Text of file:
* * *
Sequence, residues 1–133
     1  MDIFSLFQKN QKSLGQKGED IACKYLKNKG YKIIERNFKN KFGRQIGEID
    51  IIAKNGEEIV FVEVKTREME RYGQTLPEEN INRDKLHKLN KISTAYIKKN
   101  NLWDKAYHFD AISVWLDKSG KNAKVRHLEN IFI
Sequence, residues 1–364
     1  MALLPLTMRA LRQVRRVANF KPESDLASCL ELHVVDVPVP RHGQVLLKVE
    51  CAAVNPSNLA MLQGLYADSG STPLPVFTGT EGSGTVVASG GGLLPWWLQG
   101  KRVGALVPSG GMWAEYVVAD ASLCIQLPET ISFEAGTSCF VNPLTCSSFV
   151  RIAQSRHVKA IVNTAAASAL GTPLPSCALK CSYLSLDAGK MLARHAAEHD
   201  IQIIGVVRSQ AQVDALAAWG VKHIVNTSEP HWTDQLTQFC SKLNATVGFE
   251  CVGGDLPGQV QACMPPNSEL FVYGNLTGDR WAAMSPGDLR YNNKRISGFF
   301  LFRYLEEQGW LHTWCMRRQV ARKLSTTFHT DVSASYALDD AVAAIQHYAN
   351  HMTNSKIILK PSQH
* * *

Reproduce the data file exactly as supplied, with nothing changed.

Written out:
Sequence, residues 1–133
     1  MDIFSLFQKN QKSLGQKGED IACKYLKNKG YKIIERNFKN KFGRQIGEID
    51  IIAKNGEEIV FVEVKTREME RYGQTLPEEN INRDKLHKLN KISTAYIKKN
   101  NLWDKAYHFD AISVWLDKSG KNAKVRHLEN IFI
Sequence, residues 1–364
     1  MALLPLTMRA LRQVRRVANF KPESDLASCL ELHVVDVPVP RHGQVLLKVE
    51  CAAVNPSNLA MLQGLYADSG STPLPVFTGT EGSGTVVASG GGLLPWWLQG
   101  KRVGALVPSG GMWAEYVVAD ASLCIQLPET ISFEAGTSCF VNPLTCSSFV
   151  RIAQSRHVKA IVNTAAASAL GTPLPSCALK CSYLSLDAGK MLARHAAEHD
   201  IQIIGVVRSQ AQVDALAAWG VKHIVNTSEP HWTDQLTQFC SKLNATVGFE
   251  CVGGDLPGQV QACMPPNSEL FVYGNLTGDR WAAMSPGDLR YNNKRISGFF
   301  LFRYLEEQGW LHTWCMRRQV ARKLSTTFHT DVSASYALDD AVAAIQHYAN
   351  HMTNSKIILK PSQH